R-E-S-P-E-C-T for LVC: Laryngeal Vestibule Closure in the Spotlight

Let's hear it for laryngeal vestibule closure y'all!!! Are you wondering what it is? Do you want to know more about it? Then here's your article folks to help you understand the whats, hows, and whys of this potentially fatal part of the swallowing mechanism that many might glance over like a stack of bills or junk mail (or all the paperwork for tax day coming up😬!).

A Closer Look…beginnings of mapping brain lesions linking to swallow impairments in stroke

Remember your undergraduate and/or graduate neuroanatomy course? I know some loathed it and some loved it. For me, I was in my element, so much so that I was sure my initial passion was going to be everything-neuro-TBI-related. While I still LOVE neuro and have had my share of experience within this realm for sure, reading this article brought me back to my first love, while also mixing in my more recent and exciting infatuation for dysphagia.

Oh no! Should I just go with the High Flow?

While doctors are learning more and more about the body/brain/gut connections, us SLPs continue to learn more about the breathing/swallowing connection (among many other things). One of these relationships that will likely continue to be in the 'hot seat' is using high-flow oxygen to improve acute respiratory compromise, while also simultaneously impacting the biomechanics of the swallowing system.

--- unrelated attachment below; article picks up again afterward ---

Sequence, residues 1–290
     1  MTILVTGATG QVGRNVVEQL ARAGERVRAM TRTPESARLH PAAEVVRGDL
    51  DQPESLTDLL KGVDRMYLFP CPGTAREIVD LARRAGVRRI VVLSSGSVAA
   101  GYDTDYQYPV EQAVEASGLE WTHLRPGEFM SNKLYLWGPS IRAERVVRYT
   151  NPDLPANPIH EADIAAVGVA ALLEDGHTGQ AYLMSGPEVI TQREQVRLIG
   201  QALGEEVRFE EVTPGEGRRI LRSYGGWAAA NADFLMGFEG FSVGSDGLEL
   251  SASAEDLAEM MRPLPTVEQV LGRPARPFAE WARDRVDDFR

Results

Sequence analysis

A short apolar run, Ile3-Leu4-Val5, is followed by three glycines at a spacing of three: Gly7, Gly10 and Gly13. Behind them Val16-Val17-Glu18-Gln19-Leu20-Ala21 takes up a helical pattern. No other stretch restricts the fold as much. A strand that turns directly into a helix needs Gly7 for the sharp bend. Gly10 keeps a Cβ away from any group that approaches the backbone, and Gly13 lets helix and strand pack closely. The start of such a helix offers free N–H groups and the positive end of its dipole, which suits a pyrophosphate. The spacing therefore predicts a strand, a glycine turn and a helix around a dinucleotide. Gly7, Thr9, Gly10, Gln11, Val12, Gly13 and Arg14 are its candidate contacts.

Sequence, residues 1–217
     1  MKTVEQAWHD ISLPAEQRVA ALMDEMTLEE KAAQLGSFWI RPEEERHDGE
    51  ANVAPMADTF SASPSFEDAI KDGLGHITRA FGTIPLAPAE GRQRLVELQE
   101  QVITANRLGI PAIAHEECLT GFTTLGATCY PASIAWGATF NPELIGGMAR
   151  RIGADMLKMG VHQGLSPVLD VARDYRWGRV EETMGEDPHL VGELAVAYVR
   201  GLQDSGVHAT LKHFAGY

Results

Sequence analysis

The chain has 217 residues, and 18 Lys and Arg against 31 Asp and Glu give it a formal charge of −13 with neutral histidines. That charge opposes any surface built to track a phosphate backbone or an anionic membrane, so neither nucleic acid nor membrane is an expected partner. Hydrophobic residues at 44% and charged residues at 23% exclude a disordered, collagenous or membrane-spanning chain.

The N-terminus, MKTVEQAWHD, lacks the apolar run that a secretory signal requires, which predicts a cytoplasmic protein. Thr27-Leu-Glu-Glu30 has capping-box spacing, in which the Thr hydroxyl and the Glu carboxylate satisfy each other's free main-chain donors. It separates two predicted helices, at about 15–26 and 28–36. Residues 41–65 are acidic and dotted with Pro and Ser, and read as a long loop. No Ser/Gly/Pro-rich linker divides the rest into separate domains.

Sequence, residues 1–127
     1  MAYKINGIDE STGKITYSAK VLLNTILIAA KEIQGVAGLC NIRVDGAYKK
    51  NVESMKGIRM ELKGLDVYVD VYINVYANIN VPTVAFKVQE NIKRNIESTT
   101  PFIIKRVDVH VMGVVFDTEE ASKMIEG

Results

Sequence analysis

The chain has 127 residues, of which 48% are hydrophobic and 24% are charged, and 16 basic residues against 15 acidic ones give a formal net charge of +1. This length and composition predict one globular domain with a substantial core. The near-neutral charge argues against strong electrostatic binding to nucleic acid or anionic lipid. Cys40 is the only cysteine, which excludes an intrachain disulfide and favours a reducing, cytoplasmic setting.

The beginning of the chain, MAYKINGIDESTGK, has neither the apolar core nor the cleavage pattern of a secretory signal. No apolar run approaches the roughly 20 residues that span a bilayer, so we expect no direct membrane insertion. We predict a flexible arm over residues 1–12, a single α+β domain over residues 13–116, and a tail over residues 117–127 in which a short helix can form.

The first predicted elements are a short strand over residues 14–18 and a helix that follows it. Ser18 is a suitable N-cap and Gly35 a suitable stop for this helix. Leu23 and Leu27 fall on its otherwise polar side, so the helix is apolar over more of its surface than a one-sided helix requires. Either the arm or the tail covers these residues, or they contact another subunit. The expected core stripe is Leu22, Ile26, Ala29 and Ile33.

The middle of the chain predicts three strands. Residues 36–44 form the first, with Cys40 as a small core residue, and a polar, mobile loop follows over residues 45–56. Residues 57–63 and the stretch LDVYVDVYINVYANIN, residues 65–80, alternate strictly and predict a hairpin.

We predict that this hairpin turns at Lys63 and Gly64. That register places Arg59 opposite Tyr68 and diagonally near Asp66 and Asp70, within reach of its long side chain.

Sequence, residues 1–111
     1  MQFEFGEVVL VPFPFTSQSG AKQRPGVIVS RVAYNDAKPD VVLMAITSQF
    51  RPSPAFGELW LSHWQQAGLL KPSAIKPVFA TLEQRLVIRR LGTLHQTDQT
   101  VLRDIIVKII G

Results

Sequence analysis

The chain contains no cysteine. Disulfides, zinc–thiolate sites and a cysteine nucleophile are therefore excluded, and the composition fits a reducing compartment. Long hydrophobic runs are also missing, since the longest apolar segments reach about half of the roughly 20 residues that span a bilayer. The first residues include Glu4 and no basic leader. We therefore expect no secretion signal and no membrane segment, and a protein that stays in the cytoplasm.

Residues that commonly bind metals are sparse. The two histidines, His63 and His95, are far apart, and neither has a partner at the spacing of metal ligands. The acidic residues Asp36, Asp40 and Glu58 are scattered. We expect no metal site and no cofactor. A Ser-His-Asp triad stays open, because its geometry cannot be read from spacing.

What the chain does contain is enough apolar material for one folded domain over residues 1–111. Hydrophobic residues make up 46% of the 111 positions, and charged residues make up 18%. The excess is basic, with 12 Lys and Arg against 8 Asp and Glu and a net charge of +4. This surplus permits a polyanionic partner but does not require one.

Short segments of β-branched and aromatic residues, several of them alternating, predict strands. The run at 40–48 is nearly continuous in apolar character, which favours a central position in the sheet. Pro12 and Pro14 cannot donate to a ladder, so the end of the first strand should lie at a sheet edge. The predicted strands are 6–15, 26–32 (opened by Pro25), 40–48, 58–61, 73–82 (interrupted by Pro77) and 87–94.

Just how (bio)available should thickened liquids be in life?

Since Cichero's article is a narrative summary (compared to systematic review), there's not as much to pick apart in study design or methodology practices. However, there is a lot of information that some may already know and some may be hearing for the first time. Key players in the review revolve around concerns that we face daily with our patients such as dehydration, how thickened liquids affect medication release/activity, and the need to feel physiologically satisfied.

“You want me to stick what?! Where?!” The Truth about Pulse Oximetry

“The purpose of this study is to systematically review evidence on the use of pulse oximetry in individuals with dysphagia to detect a decrease in SPO2 indicating aspiration during swallowing, toward the goal of further informing clinical practice in dysphagia assessment”

“How-To” Read a Research Article

Have you ever sat down with a research journal article in hand, staring at it thinking, Where do I even start? Or What exactly is this saying? Maybe you’re even thinking, Why am I doing this? Whether we want to admit it or not, we have ALL been there. Sometimes with more excitement, other times more begrudgingly (I’ve definitely experienced the two and have accepted this love-hate relationship).